2011-02 Rajasthan

Amer Fort, Jaipur


I joined a group of 16 people on a two week visit to Southern Rajasthan, Agra and the pilgrim city of Varanasi, organized by the Novartis Pensioners Association. We flew with Swiss from Zürich to Delhi and travelled as far as Udaipur by coach returning via Agra. Varanasi was reached by a short flight.

The interesting journey introduced us to an exotic mixture of cultures. Rajasthan has been invaded many times over the centuries by peoples from the North and each has left their influence. The multitheistic Hindu religion with its cast system dates far back into history. In the 6th century BC reaction against the power of the Brahman priests led to the foundation of the more ascetic Buddhist and Jain religions. Today these are only followed by relatively small minorities in India although Buddhism has successfully spread to many other countries further East. The Islamic religion and culture was brought by several waves of invaders and became well established on the Indian subcontinent. Despite the separation of India and Pakistan, India is still one of the countries with the largest Muslim population although they only constitute somewhat more than 10% of the total population.

The architectural sites which we visited reflected the historical development but chiefly showed the mark made by the last great invasion, that of the Mughal emperors. With their forts, palaces and temples they have left lasting monuments to their power and influence.

The first six Mughal Emperors from Babur to Aurangzeb are known as the great Mughals and I have included excerpts from Wikipedia briefly describing parts of their reigns on the following pages.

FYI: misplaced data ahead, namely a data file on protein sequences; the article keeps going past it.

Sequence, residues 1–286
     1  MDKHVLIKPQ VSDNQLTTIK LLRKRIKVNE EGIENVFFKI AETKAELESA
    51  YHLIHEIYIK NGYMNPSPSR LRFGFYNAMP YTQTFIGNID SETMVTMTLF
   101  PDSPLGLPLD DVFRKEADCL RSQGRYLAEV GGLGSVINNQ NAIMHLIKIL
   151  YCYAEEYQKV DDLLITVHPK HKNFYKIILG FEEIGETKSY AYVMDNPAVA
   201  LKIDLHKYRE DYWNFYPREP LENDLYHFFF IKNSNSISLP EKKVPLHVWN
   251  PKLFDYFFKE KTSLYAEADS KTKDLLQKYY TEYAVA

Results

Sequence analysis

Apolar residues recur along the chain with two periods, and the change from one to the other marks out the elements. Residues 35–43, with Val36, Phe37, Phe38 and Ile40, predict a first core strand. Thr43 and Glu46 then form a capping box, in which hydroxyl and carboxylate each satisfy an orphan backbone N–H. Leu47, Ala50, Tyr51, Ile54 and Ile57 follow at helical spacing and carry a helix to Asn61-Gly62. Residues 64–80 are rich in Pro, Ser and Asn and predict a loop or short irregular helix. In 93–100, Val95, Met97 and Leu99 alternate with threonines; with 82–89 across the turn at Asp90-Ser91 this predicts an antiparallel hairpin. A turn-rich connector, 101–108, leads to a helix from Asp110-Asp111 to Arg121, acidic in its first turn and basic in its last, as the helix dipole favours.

The Mughal emperors, from the early 16th century to the early 18th century, built and ruled the Mughal Empire on the Indian subcontinent, mainly corresponding to the modern countries of India, Pakistan, Afghanistan and Bangladesh. The Mughals were a branch of the Timurid dynasty of Turkic origin from what is now Uzbekistan. Their power rapidly dwindled during the 18th century and the last of the emperors were deposed in 1857, with the establishment of the British Raj. Mughal emperors were of direct descent from Timur (generally known in the West as Tamerlane the Great), and also affiliated with Genghis Khan, because of Timur’s marriage with a Genghizid princess.

The Mughals also had significant Indian Rajput and Persian ancestry through marriage alliances, as emperors were born to Rajput and Persian princesses. Only the first two Mughal emperors, Babur and Humayun, were fully Central Asian (Turki or what is now known as Uzbek), whereas Akbar was half-Persian, Jahangir was half-Rajput and quarter-Persian, and Shah Jahan was three-quarters Rajput.

Northern India

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